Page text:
And as I subsequently said to Hugh, the guy was insecure __about his height__. It was an issue for him. I am not “picking on his personal attributes”. You can be ill at ease with my coping strategies if you like, but you do not get to treat me like that. You also don’t get to tell Tallulah what subjects she can speak on. Both you and Hugh have been very quick to police other people, and very, very slow to admit when you have stuffed up yourselves. If you want to make an apology that has any meaning, you need to knock this shit off.

          • Scar September 13, 2011 at 7:17 pm

            Being disabled does not exempt you from making probalmatic statements any more than being trans prevents me from being transphobic. Yes, if someone called me on transphobia, I might feel offended, but I’d sure as hell own that shit.

            I didn’t treat you ‘like’ anything. I would say exactly what I said to anyone who said such a problematic thing.
            I was raped by a lesbian. That doesn’t mean I get to make jokes and judgements about my rapist’s sexual orientation, just to alleviate my suffering.

            I’m holding you to a higher standard BECAUSE of your own oppression and the fact that you’re a contributor to this feminist blog. You should know better!

          • Emma September 13, 2011 at 7:24 pm

            I was explaining why I found your comments so offensive. Being “short” is nothing, nothing compared with the battles my daughter and I fight every day. You calling something “ableist” doesn’t actually make it so.

            But it is nice that you’ve made it so very clear that you aren’t, in fact, actually sorry. My personal offense is nothing compared to your theoretical one.

          • Scar September 13, 2011 at 7:29 pm

            Oppression Olympics.
            Go for gold; I’m out.

          • tallulahspankhead September 13, 2011 at 7:30 pm

            Scar, you realise you just told someone who was talking about _an assault_ that they should know better?

            Aside from the fact that she wasn’t actually being ableist, telling someone, feminist of not, oppressed or not, that they should be held to a higher standard when they are discussing an actual trauma, is the height of insensitivity.

        • Max Rose September 13, 2011 at 11:22 am

          “It seems that for me the term “violent” is more ethically neutral than it is for you guys.”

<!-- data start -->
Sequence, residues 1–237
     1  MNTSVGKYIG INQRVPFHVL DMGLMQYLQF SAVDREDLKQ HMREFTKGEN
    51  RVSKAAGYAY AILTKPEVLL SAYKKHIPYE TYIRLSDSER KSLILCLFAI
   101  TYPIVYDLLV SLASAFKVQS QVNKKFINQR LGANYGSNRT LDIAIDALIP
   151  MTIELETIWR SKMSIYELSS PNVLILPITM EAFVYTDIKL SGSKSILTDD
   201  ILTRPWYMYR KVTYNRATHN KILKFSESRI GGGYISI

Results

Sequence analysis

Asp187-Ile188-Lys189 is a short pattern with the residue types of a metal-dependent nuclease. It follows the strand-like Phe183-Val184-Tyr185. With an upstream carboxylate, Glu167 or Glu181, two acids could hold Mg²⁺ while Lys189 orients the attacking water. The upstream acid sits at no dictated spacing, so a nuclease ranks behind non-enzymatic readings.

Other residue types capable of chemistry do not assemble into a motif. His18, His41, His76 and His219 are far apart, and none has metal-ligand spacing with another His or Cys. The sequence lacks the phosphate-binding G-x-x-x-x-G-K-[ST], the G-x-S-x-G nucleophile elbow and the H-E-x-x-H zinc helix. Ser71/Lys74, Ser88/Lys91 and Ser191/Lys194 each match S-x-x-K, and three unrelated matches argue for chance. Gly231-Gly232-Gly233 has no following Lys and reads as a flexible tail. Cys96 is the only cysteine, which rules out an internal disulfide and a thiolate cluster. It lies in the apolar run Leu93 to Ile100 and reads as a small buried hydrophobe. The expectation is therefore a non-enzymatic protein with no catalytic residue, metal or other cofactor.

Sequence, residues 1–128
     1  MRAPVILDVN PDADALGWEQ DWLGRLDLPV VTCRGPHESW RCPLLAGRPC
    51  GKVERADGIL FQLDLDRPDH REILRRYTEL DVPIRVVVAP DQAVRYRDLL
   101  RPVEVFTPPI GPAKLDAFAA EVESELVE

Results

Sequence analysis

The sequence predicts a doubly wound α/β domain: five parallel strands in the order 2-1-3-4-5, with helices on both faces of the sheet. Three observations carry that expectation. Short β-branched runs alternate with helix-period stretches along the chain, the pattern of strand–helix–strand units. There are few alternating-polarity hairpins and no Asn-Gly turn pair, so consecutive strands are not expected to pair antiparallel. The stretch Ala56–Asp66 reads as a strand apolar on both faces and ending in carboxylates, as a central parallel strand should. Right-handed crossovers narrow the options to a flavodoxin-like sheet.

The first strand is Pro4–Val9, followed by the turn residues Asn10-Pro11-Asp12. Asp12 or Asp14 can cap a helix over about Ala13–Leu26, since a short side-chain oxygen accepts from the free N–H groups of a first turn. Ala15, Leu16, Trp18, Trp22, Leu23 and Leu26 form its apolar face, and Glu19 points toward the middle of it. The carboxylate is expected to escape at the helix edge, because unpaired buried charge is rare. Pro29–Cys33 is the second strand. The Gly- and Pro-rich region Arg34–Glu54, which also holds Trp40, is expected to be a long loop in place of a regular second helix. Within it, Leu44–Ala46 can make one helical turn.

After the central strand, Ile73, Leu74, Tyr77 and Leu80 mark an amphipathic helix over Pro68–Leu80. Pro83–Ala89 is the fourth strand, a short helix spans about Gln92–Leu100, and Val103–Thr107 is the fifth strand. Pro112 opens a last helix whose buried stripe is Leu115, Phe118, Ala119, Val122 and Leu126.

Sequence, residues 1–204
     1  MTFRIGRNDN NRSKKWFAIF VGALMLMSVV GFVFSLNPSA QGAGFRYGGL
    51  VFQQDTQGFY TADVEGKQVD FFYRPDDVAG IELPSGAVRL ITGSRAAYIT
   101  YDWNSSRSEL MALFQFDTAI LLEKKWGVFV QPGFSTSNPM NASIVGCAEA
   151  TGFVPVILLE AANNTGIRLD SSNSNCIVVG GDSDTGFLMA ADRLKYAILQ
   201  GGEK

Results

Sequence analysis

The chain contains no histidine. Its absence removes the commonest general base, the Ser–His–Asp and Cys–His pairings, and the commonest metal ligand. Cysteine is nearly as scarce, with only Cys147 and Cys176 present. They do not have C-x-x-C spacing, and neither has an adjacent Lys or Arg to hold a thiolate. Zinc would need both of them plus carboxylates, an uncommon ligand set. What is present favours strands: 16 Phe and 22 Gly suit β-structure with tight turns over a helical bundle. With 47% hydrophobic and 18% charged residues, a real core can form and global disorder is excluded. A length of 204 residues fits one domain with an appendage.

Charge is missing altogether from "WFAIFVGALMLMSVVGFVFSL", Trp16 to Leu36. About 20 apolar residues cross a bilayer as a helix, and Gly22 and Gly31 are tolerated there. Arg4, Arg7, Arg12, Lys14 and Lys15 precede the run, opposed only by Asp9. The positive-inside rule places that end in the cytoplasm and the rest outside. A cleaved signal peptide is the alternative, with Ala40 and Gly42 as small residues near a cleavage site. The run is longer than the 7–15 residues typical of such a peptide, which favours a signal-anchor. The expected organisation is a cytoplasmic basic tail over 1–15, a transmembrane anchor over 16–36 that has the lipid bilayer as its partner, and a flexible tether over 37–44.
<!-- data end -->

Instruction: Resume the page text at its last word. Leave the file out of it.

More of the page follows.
Though it would seem that ethics is a core part of at least one definition: “the use of physical force to apply a state to others contrary to their wishes”. The only times I’ve ever tied someone up and caused them pain is when it’s been something they’ve explicitly asked for. It is thus not contrary to their wishes, so such BSDM practices are not violence.

          It’s mabe a bit trickier with sports, because tackling someone and taking their ball is contrary to their immediate wishes, but their broader wish is to play the game, and without such acts that game would not exist. If someone came and took something off my desk, that would be theft, but if they took my queen while playing chess it might piss me off, but it’s part of the game so it’s not theft. Similarly, people who consensually* play rugby know that they’re legitimately able to expect some rough tackling, and that a certain degree of pain goes along with that (it may even be the reason some people play … but let’s not get into psychoanalysing rugby players).

          On the other hand, they shouldn’t expect to have to deal with a headbutt or rucked groin, and there is indeed an element in “bring back the biff” rugby culture that celebrates that aspect of going beyond the rules, and that’s something that really needs to be addressed. But otherwise, one of the things that people enjoy about sport and games is the element of challenge, of having an opponent trying to “apply a state contrary to their wishes” and of doing the same to them.

          * Of course, non-consensual participation in sport does occur, and it was always a big issue for me at school. I always hated being told to run around a paddock “to build character”: I’d rather be in the library, thank you very much, and get my exercise from biking to & from school. That’s why I’m concerned about the apparent new emphasis at Sparc, away from the “Push Play” model of encouraging an all-round active lifestyle towards a Victorian emphasis on competetive team sports.

          • tallulahspankhead September 13, 2011 at 11:35 am

            On the other hand, they shouldn’t expect to have to deal with a headbutt or rucked groin, and there is indeed an element in “bring back the biff” rugby culture that celebrates that aspect of going beyond the rules, and that’s something that really needs to be addressed.

            But see this is my point. Headbutting, spear-tackling, eye-gouging, tunnelling, all of these things are explicitly forbidden within the rules. The people that do them are thugs. They’d be thugs in any sport. And most likely in life. And that problem can’t be solved by explaining it away by blaming rugby.

        • Hugh September 13, 2011 at 11:56 am